Fitting farewell for Gilliam?

InsideTennessee brings you the best coverage of Vol football day after day. Check out this story on one player's reward for the courage he showed throughout the 2014 season:

JACKSONVILLE, Fla. — If any player in college football deserves to end his career on a sun-drenched field in front of a national TV audience it is Tennessee’s Jacob Gilliam.

Vol fans already know the basics: Growing up as a Big Orange fan in Knoxville, he walked on four years ago when he wasn’t offered a scholarship. After a redshirt year and three more as a little-used reserve, he fought his way into the first-team left tackle role last August only to tear an ACL midway through the opener. Undeterred, he basically learned to play on one leg.

“About an hour after I learned I had torn my ACL I decided I was not going to give up and I wasn’t going to let this season go,” he recalled prior to Monday’s TaxSlayer Bowl practice at Hodges Stadium. “I decided that this was my time – that’s what I was being told – so I went for it, and it worked out well for me.”

Beating incredible odds, Gilliam returned to the starting lineup 55 days after tearing the ACL — his only concession being a move from left tackle to right, where he started the final five regular-season games.

The reward: A chance to make one more treasured memory for himself and provide one more throat-knotting inspiration for Vol Nation. Does he appreciate the opportunity? You bet.

“It’s obviously a big deal to me,” Gilliam said. “I was part of a team that went to a bowl game (Music City) my redshirt year.”

True. But this time he’ll be playing – starting, in fact. And this time he’ll be reminding the world what the term “indomitable will” really means.

“This time’s a little different,” he conceded. “I’m actually getting to play, and start. Especially after all I’ve been through this year, it’s a really big deal. It means a lot to be out here and practice with my buddies.”

As important as the bowl game is to him, Gilliam thinks it may be even more meaningful for Tennessee football.

“It’s a big moment for our program, to be out here playing in a bowl game,” he said. “For so many years we didn’t get that chance. It’s great for all of these young guys – we’ve got a lot of ‘em – to be out here practicing. And it’s good for me; I get one last chance to play some ball.”

Tennessee head coach Butch Jones says Jacksonville’s heat and humidity will be a key factor in Friday’s bowl matchup with Iowa. Gilliam is not concerned in the least.

“It’s no big deal,” he said. “It’s just like an August day in Knoxville.”

Hey, when you’re playing through a torn ACL, what’s a little humidity?

(Editor's note: Unconfirmed reports suggest that Gilliam suffered an injury following the media portion of Monday's workout that may affect his status for the bowl game. UT's official practice report made no mention of such an injury but we are continuing to follow this situation.)


Given how openly the Liberty Bowl courted Tennessee throughout November, most observers were shocked when the TaxSlayer Bowl scooped up the Big Orange. Perhaps they shouldn’t have been. The TaxSlayer folks apparently had their eye on Tennessee all along.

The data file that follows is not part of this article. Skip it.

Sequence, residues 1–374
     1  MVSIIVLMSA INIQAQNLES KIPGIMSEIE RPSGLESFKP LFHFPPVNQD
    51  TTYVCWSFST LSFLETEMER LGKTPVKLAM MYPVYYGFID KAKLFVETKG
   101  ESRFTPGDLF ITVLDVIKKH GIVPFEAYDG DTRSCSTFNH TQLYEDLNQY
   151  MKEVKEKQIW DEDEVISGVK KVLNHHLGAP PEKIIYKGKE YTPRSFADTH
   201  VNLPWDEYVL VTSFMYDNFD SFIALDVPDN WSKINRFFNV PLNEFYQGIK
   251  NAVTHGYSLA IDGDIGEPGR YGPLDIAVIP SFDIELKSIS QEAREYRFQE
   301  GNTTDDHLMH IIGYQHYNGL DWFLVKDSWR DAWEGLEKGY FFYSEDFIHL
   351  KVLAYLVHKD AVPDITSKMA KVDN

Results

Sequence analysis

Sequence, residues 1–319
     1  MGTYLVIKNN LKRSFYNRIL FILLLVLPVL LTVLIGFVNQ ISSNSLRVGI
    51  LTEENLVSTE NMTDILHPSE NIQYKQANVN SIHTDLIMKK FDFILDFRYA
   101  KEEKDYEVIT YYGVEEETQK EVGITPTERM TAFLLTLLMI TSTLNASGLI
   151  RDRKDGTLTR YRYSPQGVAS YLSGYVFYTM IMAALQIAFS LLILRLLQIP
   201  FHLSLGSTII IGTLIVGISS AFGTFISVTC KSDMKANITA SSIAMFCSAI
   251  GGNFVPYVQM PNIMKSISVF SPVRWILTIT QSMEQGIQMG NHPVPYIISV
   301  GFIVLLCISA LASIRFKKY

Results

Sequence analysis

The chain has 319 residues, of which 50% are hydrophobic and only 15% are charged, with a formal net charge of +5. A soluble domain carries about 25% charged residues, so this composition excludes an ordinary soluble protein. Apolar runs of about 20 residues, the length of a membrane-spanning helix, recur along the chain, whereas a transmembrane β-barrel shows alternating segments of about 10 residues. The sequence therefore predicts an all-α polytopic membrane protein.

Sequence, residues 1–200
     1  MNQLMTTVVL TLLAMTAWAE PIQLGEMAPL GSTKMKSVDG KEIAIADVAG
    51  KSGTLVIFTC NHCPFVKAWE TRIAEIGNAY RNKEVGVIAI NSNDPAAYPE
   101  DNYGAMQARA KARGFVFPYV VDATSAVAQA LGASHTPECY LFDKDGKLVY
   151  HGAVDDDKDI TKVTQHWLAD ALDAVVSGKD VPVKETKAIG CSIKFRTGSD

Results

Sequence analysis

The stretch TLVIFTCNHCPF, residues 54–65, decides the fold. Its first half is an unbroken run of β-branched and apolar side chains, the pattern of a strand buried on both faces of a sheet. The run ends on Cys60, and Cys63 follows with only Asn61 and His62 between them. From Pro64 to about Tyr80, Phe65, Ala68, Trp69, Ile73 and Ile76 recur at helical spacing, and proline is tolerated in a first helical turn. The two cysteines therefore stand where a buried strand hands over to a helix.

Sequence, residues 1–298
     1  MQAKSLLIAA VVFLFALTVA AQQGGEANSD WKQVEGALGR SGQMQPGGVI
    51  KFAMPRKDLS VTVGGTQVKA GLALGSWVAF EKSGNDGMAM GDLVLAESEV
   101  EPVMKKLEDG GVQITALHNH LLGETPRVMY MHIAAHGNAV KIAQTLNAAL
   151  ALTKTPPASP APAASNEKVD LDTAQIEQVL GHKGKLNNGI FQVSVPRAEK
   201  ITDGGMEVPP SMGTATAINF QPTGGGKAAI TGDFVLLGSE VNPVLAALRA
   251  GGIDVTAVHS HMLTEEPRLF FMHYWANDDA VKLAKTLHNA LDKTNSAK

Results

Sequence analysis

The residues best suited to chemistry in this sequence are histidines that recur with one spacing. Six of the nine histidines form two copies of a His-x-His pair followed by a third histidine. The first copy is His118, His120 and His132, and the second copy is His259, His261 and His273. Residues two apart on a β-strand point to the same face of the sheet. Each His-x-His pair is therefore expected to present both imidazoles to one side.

One veteran sports writer from the North Florida area told InsideTennessee that TaxSlayer officials assured him a month before bowl bids went out that they were targeting the Vols. Tennessee was the preferred option, even over two teams who beat the Vols (Georgia, Florida) and a team that had yet to face the Vols (South Carolina).


Before meeting the media prior to Monday’s practice Tennessee coach Butch Jones took a deliberate walk around the Hodges Stadium Field on the University of North Florida campus.

“I want to check out the field,” he explained as he strode past a dozen reporters.

It turns out that Jones’ interest in the field conditions was well founded. The Nebraska Cornhuskers were assigned Hodges Stadium as their practice facility prior to last season’s TaxSlayer Bowl but head coach Bo Pelini found the field so soft and sloppy following week-long rains that he refused to practice there. Pelini wound up moving his team across town to a field with artificial turf.

After a detailed inspection on Monday, however, Jones pronounced the facility good to go.

“Tremendous,” he said. “I just walked the fields, and they’re in great, great shape. They’re great practice facilities. Hats off to the grounds crew.”


As farmers like to say, “The hay is in the barn.”

Tennessee’s football team practiced Monday and has another workout scheduled Tuesday but these are mere polishing sessions. The Vols completed the bulk of their preparation for TaxSlayer Bowl back in Knoxville prior to the Christmas break.

“It’s fine-tuning the game plan,” Jones said. “Most of the work was done back in Knoxville. Coming down here now it (emphasis) is fine-tuning, becoming a better football team.”

Most of the bowl games played to date were decided by bad plays from the loser more so than big plays from the winner. One team typically doomed itself with costly penalties, slipshod tackling and/or poor special-teams coverage. Jones is determined that such a fate won’t befall his team.

“It’s all execution,” he said. “We did a theme of all of the bowl season so far, and it’s been marred with missed tackles, big plays, explosive plays. And special teams are at a premium.”

Basically, the month leading up to the TaxSlayer Bowl has been treated like the month leading up to a season opener.

As Jones put it: “You almost have to have a first-game approach where (you focus on) anything and everything.”

Click the InsideTennessee logo below to be taken to Monday's practice notes in premium message board VolChat:

Inside Tennessee Top Stories